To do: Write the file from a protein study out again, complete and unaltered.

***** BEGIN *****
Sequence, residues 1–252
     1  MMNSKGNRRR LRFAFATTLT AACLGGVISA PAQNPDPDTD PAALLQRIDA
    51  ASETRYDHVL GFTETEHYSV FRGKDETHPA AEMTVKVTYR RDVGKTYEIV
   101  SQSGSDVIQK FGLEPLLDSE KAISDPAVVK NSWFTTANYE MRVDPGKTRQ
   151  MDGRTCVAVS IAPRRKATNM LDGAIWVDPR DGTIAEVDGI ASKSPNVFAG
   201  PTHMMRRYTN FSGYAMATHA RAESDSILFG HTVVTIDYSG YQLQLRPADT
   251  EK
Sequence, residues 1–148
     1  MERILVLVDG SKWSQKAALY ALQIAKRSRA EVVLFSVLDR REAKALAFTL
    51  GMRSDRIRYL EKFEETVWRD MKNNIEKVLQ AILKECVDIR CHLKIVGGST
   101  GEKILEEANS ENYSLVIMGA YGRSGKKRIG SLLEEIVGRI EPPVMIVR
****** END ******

Sequence, residues 1–252
     1  MMNSKGNRRR LRFAFATTLT AACLGGVISA PAQNPDPDTD PAALLQRIDA
    51  ASETRYDHVL GFTETEHYSV FRGKDETHPA AEMTVKVTYR RDVGKTYEIV
   101  SQSGSDVIQK FGLEPLLDSE KAISDPAVVK NSWFTTANYE MRVDPGKTRQ
   151  MDGRTCVAVS IAPRRKATNM LDGAIWVDPR DGTIAEVDGI ASKSPNVFAG
   201  PTHMMRRYTN FSGYAMATHA RAESDSILFG HTVVTIDYSG YQLQLRPADT
   251  EK
Sequence, residues 1–148
     1  MERILVLVDG SKWSQKAALY ALQIAKRSRA EVVLFSVLDR REAKALAFTL
    51  GMRSDRIRYL EKFEETVWRD MKNNIEKVLQ AILKECVDIR CHLKIVGGST
   101  GEKILEEANS ENYSLVIMGA YGRSGKKRIG SLLEEIVGRI EPPVMIVR